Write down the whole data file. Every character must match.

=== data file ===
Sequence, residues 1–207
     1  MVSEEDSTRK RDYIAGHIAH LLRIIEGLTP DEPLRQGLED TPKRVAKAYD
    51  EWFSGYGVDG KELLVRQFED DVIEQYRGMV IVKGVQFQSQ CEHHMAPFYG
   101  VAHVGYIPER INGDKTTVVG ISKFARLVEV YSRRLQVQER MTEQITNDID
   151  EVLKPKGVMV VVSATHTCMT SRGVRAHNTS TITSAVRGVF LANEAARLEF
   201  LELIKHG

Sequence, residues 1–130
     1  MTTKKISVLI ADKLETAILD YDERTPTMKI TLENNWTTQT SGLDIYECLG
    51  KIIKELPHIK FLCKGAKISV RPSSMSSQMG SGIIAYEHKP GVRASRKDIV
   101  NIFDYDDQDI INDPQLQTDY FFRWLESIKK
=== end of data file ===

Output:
Sequence, residues 1–207
     1  MVSEEDSTRK RDYIAGHIAH LLRIIEGLTP DEPLRQGLED TPKRVAKAYD
    51  EWFSGYGVDG KELLVRQFED DVIEQYRGMV IVKGVQFQSQ CEHHMAPFYG
   101  VAHVGYIPER INGDKTTVVG ISKFARLVEV YSRRLQVQER MTEQITNDID
   151  EVLKPKGVMV VVSATHTCMT SRGVRAHNTS TITSAVRGVF LANEAARLEF
   201  LELIKHG

Sequence, residues 1–130
     1  MTTKKISVLI ADKLETAILD YDERTPTMKI TLENNWTTQT SGLDIYECLG
    51  KIIKELPHIK FLCKGAKISV RPSSMSSQMG SGIIAYEHKP GVRASRKDIV
   101  NIFDYDDQDI INDPQLQTDY FFRWLESIKK